Rex Gooch was a helicopter pilot with the Lighthorse Air Cavalry in the Vietnam War in the Mekong Delta in 1971. When attending Lighthorse reunions years later, he heard stories about another pilot named Ace Cozzalio, and wrote a narrative of his life: Ace: The Story of Lt. Col. Ace Cozzalio (Lighthorse Publishing Co., 292 pp., $15.95, paper; $8.99, Kindle).
During his eighteen months in Vietnam, Allen Ace Cozzalio was shot down six times. On several other occasions he brought his Loach back home so damaged from enemy fire that it was no longer flyable. He received every medal for valor except the Medal of Honor.
As a newly arrived 2nd Lt. in December of 1967, Cozzalio was assigned to D Troop, 3rd Squadron, 5th Cavalry, which was attached to the 9th Infantry Division as its recon unit. They were named the “Bastard Cav” because they were a stand-alone cavalry unit attached to an infantry division.
The image of a rogue, renegade, rebel appealed to the D Troopers; it was a perfect match for Ace Cozzalio. Soon after he arrived, the unit began wearing yellow scarves and white Stetsons; some officers carried sabers. Ace Cozzalio donned a full 1860s cavalry uniform at Lighthorse award ceremonies and other special occasions.
Among his legendary exploits, Cozzalio, after seeing a Huey crash and explode in flames, landed his OH-6 Loach nearby and he and his crew chief rescued the unconscious pilot and co-pilot. Cozzalio and his crew chief received the Soldier’s Medal for their actions that day.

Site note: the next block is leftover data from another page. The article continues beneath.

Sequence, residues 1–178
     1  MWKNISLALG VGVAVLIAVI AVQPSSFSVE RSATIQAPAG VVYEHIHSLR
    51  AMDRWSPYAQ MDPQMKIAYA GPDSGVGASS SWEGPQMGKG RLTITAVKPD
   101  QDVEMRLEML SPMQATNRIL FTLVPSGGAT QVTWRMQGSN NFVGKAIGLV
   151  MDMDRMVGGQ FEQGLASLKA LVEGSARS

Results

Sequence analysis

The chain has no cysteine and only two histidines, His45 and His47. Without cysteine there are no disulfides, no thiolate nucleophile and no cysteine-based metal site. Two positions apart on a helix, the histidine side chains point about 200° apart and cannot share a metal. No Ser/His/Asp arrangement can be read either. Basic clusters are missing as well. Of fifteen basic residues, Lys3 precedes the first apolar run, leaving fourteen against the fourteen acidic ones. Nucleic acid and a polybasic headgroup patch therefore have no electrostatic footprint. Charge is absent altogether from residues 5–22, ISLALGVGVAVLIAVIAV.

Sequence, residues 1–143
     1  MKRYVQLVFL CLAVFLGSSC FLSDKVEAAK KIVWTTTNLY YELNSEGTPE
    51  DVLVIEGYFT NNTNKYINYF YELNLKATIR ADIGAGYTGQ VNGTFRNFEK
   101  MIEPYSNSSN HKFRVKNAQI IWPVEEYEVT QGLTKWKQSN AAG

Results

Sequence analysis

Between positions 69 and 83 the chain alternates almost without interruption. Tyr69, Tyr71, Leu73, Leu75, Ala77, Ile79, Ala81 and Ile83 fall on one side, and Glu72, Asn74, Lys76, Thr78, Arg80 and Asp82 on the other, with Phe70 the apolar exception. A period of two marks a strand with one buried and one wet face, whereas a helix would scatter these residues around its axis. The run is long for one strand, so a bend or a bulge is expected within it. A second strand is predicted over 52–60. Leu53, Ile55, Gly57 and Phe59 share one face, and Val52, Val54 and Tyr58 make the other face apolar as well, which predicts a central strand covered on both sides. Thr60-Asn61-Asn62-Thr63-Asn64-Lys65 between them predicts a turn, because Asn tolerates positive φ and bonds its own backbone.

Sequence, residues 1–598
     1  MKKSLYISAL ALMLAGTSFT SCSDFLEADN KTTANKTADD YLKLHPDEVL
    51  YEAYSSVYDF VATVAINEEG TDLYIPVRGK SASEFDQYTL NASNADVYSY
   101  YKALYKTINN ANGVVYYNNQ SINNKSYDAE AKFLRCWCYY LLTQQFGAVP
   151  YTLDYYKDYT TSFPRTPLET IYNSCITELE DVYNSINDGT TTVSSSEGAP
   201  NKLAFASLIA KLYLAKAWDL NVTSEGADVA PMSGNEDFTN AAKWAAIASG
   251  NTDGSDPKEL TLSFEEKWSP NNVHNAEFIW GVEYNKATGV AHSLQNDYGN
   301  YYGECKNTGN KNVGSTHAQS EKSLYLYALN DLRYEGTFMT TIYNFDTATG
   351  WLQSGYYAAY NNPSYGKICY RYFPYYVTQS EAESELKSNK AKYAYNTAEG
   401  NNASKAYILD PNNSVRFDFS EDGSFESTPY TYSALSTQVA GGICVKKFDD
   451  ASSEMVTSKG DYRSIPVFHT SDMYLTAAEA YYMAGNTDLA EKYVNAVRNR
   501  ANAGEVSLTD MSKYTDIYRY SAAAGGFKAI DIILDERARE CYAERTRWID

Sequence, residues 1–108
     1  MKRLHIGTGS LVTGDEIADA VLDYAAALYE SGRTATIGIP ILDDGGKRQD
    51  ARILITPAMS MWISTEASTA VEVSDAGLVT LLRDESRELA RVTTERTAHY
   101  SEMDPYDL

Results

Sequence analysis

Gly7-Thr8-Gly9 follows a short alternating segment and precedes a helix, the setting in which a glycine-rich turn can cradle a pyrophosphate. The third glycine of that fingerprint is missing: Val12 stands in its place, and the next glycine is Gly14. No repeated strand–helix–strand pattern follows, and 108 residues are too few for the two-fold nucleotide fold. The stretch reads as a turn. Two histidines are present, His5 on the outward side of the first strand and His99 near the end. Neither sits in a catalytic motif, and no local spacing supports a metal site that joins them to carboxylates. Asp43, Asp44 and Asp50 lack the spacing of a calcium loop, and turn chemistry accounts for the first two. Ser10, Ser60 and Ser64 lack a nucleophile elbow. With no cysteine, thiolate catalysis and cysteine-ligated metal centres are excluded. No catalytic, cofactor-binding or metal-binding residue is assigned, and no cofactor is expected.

On another occasion he landed the Loach on a canal berm where he had spotted an armed male tossing his weapon aside and jumping into the canal. Cozzalio donned his Stetson cavalry hat, grabbed his trusty saber, then jumped into the canal. He began poking around in the murky water until his blade found flesh and he took the VC prisoner—mostly likely the only enemy soldier in the Vietnam War captured with a cavalry saber.
Ace Cozzalio in his 1860s cavalry uniform
Following the 9th Infantry Division’s Battle of Phu My, Cozzalio was awarded the Distinguished Service Cross for performing an incredible act of bravery Seeing that a 90-man unit crossing an open field was pinned down by NVA machine gun fire from a reinforced bunker, he landed his Loach on top of the bunker while his gunner jumped out and tossed a grenade into it. Cozzalio lifted off just before the grenade exploded and destroyed the bunker.
After twenty years of service, Lt. Col. Cozzalio was discharged from the Army due to heart trouble caused by the rare Epstein-Barr virus. Seven years later, while undergoing a heart transplant procedure, he died at the age of 46.
Rex Gooch has written a fast-moving, fascinating account of a legendary helicopter pilot who died much too soon—and of the others he flew alongside in the Mekong Delta. This book belongs on the bookshelf of any veteran—pilot or passenger—who experienced flying in a helicopter in Vietnam.
The book’s website is http://fifthcavalry.com
—James P. Coan